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Transcript
```Estimation
• Goal: Use sample data to make predictions
regarding unknown population parameters
• Point Estimate - Single value that is best
guess of true parameter based on sample
• Interval Estimate - Range of values that we
can be confident contains the true parameter
Point Estimate
• Point Estimator - Statistic computed from a
sample that predicts the value of the
unknown parameter
• Unbiased Estimator - A statistic that has a
sampling distribution with mean equal to the
true parameter
• Efficient Estimator - A statistic that has a
sampling distribution with smaller standard
error than other competing statistics
Point Estimators
• Sample mean is the most common unbiased
estimator for the population mean m
Y

m Y 
^
i
n
• Sample standard deviation is the most common
estimator for s (s2 is unbiased for s2)
^
s s
2
(
Y

Y
)
 i
n 1
• Sample proportion of individuals with a (nominal)
characteristic is estimator for population proportion
Confidence Interval for the Mean
• Confidence Interval - Range of values
computed from sample information that we
can be confident contains the true parameter
• Confidence Coefficient - The probability
that an interval computed from a sample
contains the true unknown parameter
(.90,.95,.99 are typical values)
• Central Limit Theorem - Sampling
distributions of sample mean is
approximately normal in large samples
Confidence Interval for the Mean
• In large samples, the sample mean is
approximately normal with mean m and
standard error
sY  s
n
• Thus, we have the following probability
statement:
P(m  1.96s Y  Y  m  1.96s Y )  .95
• That is, we can be very confident that the sample mean lies
within 1.96 standard errors of the (unknown) population mean
Confidence Interval for the Mean
• Problem: The standard error is unknown (s
is also a parameter). It is estimated by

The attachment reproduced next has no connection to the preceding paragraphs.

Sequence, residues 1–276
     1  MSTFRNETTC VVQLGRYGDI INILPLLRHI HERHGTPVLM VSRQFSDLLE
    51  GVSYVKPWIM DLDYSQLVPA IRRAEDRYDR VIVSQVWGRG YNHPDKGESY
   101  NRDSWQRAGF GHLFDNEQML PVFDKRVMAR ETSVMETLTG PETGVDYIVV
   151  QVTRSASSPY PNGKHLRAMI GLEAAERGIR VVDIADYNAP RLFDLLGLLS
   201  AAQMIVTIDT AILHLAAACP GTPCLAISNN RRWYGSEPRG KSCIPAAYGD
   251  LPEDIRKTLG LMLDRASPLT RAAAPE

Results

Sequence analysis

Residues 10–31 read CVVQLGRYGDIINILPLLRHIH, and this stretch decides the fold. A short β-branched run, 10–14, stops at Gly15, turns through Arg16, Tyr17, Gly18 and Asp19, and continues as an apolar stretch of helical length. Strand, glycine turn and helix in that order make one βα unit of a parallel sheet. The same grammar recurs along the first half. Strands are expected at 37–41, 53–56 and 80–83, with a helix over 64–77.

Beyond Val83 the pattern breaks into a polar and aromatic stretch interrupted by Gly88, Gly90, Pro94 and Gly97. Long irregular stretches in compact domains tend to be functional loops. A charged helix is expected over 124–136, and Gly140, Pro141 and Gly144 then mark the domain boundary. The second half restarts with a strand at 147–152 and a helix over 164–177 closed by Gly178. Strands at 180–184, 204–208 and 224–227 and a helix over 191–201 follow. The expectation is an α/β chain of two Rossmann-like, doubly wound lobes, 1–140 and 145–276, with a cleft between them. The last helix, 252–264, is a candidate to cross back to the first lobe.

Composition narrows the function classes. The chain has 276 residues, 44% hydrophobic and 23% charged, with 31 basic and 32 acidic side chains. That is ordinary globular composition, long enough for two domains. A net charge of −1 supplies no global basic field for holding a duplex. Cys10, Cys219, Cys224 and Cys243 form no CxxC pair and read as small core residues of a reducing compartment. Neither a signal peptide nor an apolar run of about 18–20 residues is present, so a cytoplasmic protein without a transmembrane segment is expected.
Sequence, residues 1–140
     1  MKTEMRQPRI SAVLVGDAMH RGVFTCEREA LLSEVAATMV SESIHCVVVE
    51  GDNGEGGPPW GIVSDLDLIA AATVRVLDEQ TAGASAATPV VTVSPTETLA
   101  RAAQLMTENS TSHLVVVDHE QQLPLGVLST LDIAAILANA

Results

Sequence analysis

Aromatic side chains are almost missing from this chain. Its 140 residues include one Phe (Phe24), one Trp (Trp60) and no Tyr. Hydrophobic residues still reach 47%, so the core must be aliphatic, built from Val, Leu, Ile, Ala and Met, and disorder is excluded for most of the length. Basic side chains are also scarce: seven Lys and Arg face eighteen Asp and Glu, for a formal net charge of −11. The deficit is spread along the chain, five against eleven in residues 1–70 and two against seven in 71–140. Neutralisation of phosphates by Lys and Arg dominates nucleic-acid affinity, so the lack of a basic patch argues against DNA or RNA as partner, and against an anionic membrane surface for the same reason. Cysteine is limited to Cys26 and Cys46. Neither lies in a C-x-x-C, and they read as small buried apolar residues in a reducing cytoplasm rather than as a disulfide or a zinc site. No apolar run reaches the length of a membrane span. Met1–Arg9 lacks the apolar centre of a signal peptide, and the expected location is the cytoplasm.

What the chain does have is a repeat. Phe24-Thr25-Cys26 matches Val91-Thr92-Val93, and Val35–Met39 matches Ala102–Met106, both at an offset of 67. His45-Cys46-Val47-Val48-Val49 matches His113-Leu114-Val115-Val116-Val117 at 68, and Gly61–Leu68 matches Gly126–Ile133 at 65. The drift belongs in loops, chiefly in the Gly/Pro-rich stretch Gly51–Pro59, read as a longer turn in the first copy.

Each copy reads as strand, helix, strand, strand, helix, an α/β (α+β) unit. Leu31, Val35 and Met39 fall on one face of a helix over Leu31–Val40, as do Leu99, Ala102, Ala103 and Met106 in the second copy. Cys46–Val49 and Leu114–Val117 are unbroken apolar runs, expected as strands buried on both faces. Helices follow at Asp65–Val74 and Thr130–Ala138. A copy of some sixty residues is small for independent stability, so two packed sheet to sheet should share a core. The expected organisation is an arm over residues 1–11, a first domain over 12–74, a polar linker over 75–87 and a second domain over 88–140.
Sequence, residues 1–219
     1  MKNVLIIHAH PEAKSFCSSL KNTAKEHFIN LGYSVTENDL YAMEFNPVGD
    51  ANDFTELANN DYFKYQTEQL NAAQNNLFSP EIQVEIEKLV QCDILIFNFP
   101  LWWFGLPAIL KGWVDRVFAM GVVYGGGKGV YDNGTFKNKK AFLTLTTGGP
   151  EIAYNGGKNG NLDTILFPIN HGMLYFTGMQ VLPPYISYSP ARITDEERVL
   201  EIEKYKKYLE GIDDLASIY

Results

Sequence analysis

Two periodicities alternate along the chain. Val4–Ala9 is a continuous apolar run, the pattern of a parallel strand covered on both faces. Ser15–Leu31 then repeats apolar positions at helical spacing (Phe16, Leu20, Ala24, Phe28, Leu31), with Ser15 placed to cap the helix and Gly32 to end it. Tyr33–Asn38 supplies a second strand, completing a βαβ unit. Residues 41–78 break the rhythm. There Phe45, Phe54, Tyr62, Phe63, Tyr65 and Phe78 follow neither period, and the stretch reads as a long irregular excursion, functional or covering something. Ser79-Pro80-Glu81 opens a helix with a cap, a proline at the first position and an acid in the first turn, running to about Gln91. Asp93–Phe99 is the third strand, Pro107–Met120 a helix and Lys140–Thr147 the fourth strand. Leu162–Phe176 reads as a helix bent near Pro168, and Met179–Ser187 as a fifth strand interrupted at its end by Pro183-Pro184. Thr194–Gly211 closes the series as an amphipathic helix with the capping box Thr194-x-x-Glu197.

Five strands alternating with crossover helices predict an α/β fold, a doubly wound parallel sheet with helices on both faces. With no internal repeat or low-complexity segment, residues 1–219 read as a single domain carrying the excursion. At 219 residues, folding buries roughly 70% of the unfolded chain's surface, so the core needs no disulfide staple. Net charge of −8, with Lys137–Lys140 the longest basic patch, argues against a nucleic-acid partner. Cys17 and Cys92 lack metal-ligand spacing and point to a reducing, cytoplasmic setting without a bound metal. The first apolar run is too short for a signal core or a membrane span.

replacing s with its estimate from the
sample data:
s
sY 
n
^
95% Confidence Interval for m :
^
Y  1.96 s Y
s
 Y  1.96
n
Confidence Interval for the Mean
• Most reported confidence intervals are 95%
• By increasing confidence coefficient, width
of interval must increase
• Rule for (1-a)100% confidence interval:
 s 
Y  za / 2 

 n
(1-a)100%
90%
95%
99%
a
.10
.05
.01
a/2
.050
.025
.005
za/2
1.645
1.96
2.58
Properties of the CI for a Mean
• Confidence level refers to the fraction of
time that CI’s would contain the true
parameter if many random samples were
taken from the same population
• The width of a CI increases as the
confidence level increases
• The width of a CI decreases as the sample
size increases
• CI provides us a credible set of possible
values of m with a small risk of error
Confidence Interval for a Proportion
• Population Proportion - Fraction of a
population that has a particular
characteristic (falling in a category)
• Sample Proportion - Fraction of a sample
that has a particular characteristic (falling in
a category)
• Sampling distribution of sample proportion
(large samples) is approximately normal
Confidence Interval for a Proportion
• Parameter: p (a value between 0 and 1, not
3.14...)
• Sample - n items sampled, X is the number that
possess the characteristic (fall in the category)
X
p

• Sample Proportion:
n
^
– Mean of sampling distribution: p
– Standard error (actual and estimated):
^

p 1  p 


n
^
s
^
p

p (1  p )
n
^
s
^
p

Confidence Interval for a Proportion
• Criteria for large samples
– 0.30 < p < 0.70  n > 30
– Otherwise, X > 10, n-X > 10
• Large Sample (1-a)100% CI for p :
 ^
p 1  p 


n
^
^
p  za / 2
Choosing the Sample Size
• Bound on error (aka Margin of error) - For a
given confidence level (1-a), we can be this
confident that the difference between the sample
estimate and the population parameter is less
than za/2 standard errors in absolute value
• Researchers choose sample sizes such that the
bound on error is small enough to provide
worthwhile inferences
Choosing the Sample Size
• Step 1 - Determine Parameter of interest (Mean
or Proportion)
• Step 2 - Select an upper bound for the margin of
error (B) and a confidence level (1-a)
Proportions (can be safe and set p=0.5):
Means (need an estimate of s):
2

za / 2  p (1  p )
n
B2
2

za / 2  s 2
n
B2
Confidence Interval for Median
• Population Median - 50th-percentile (Half
the population falls above and below
median). Not equal to mean if underlying
distribution is not symmetric
• Procedure
–
–
–
–
Sample n items
Order them from smallest to largest
n 1
 n
Compute the following interval:
2
Choose the data values with the ranks
corresponding to the lower and upper bounds
```
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